8. What is your plan for ensuring that your sensor is not tilted? I've heard that you might be able to use a laser pointer to bounce a beam off the sensor onto a wall while rotating the body of the camera.
  9. There are some positive results with regards to image enhancement already. http://space.ml/proj/GalaxyGAN.html It won't be much longer before the same type of convelutional networks can generate higher resolution results. A few recent papers came out about dynamically growing networks during training, rather than starting with a high res image from the start. Beyond image enhancement, I suspect that we will see someone come up with a full image guiding approach. Using some kind of recurrent neural network to determine which direction your mount needs to move in to stack locked o
  10. @abhoriel Great solder work on that PCB. Looks like a fun project! I'm curious, with the sensor being over a decade old, does it make practical sense to build something like this today, beyond for the fun of building your own camera? Certainly, that is a great shot of M42, but I'd argue that similar results can be had from a modified Nikon D5300. Has anyone actually done a comparison to more modern CMOS sensors? (having said all that, i've ordered a PCB from elecrow)
  11. Here is the focuser that I'm using, it was fairly straight forward build. Driver software: The Arduino is recognized as a moonlite focuser. https://www.cloudynights.com/topic/466453-super-compact-electronic-focuser/ Materials: Note: the gears are for an AT80ED, you may need to adjust the internal diameters. Arduino Nano: ~3.00 USD 28BYJ-48 Stepper Motor: ~2.00 USD ULN2003 Driver Board: ~2.00 USD 150Pcs M2 M2.5 M3 M4 M5 Nylon Standoffs Kit: ~4.00 USD HTUN144S2M-60: 5.76 USD https://us.misumi-ec.com/vona2/detail/110302652850/?HissuCo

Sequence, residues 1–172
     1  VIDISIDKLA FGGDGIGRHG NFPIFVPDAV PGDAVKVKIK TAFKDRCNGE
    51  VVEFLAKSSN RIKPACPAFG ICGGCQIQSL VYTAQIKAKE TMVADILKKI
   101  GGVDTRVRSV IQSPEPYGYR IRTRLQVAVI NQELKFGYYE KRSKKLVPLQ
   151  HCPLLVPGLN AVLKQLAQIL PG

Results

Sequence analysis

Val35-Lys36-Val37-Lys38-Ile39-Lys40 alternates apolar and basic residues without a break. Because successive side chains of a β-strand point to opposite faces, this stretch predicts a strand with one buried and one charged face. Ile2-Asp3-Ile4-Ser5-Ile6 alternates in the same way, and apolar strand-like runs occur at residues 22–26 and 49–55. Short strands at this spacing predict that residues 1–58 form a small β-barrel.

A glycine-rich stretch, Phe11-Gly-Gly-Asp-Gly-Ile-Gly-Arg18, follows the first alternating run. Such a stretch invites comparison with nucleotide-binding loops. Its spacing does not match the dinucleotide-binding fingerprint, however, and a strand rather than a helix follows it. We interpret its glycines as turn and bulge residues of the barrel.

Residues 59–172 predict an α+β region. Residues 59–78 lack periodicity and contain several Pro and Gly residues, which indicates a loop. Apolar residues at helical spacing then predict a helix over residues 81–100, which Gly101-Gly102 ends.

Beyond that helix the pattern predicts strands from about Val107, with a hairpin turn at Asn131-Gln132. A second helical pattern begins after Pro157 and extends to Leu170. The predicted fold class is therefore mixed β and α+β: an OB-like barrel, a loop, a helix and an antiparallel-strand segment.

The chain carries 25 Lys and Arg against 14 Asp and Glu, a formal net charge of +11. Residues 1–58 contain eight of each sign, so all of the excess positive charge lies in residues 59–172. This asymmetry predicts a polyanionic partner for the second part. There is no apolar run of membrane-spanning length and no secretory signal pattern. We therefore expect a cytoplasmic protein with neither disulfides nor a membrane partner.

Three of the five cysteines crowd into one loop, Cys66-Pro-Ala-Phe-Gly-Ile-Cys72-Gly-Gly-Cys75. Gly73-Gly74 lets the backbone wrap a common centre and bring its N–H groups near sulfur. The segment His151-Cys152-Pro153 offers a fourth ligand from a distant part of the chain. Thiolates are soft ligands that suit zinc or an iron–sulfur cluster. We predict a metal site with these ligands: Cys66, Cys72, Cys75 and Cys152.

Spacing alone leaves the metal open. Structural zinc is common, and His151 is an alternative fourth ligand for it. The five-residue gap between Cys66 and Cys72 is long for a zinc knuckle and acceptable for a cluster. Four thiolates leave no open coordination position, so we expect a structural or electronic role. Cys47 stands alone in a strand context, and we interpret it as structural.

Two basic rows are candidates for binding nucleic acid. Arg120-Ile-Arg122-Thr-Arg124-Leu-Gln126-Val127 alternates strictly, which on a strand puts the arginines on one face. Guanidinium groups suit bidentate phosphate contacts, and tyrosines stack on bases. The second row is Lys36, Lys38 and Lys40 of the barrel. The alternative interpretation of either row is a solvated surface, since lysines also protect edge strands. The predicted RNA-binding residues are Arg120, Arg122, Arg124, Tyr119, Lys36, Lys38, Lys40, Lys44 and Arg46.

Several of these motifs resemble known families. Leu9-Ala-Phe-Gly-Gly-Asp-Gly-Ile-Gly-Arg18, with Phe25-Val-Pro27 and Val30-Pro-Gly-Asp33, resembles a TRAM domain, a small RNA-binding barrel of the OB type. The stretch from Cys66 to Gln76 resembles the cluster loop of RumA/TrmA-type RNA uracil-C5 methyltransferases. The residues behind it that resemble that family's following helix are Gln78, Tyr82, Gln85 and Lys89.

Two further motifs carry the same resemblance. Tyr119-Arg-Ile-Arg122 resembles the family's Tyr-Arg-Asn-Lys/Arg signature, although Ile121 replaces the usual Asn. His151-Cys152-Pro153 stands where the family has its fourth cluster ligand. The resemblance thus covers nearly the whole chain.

12. It might be worth noting that the TTL converter may not be outputting the same voltage levels as a real serial port would have. Also, it's simple enough to include activity indicator LED's.
  13. Has anyone tried using liquid nitrogen to remove the sensor glass? Just ran across this video, it would be interesting to see if this or dry ice can be used to remove the protective glass over the sensor.
  14. Hey guys, I recently found out about INDI and Ekos and was curious to see how well it worked (check it out here). I had a raspberry Pi collecting dust and after a couple minor setup steps, my equipment was recognized and connected. My mount, DSLR, shutter release serial cable, and guide camera all connect directly to the Raspberry Pi. I then connect to the Pi from my mac laptop using SSH and the Virtual Machine provided by http://www.indilib.org/. The nice thing about the PI is that it uses little power (about 0.5 amps at 5v), has 4 usb ports, and has built in wifi. I picked up
  15. @Marf1 I just tried running dcraw with "-v -r 1 1 1 1 -d -6 -T" and it seems to be processing my CR2 files in an odd way. It is possible that these flags work for you but not for me. I have a few images that are exposed to the right of the histogram, when I open the CR2 files directly in photoshop, I am able to see all data without clipping. However, after running dcraw with your settings, it seems like the highlights are clipped quite a bit. I'm not sure if this will work for you, but after reviewing the source code for dcraw, I found an unlisted flag, "-E", when used with the follo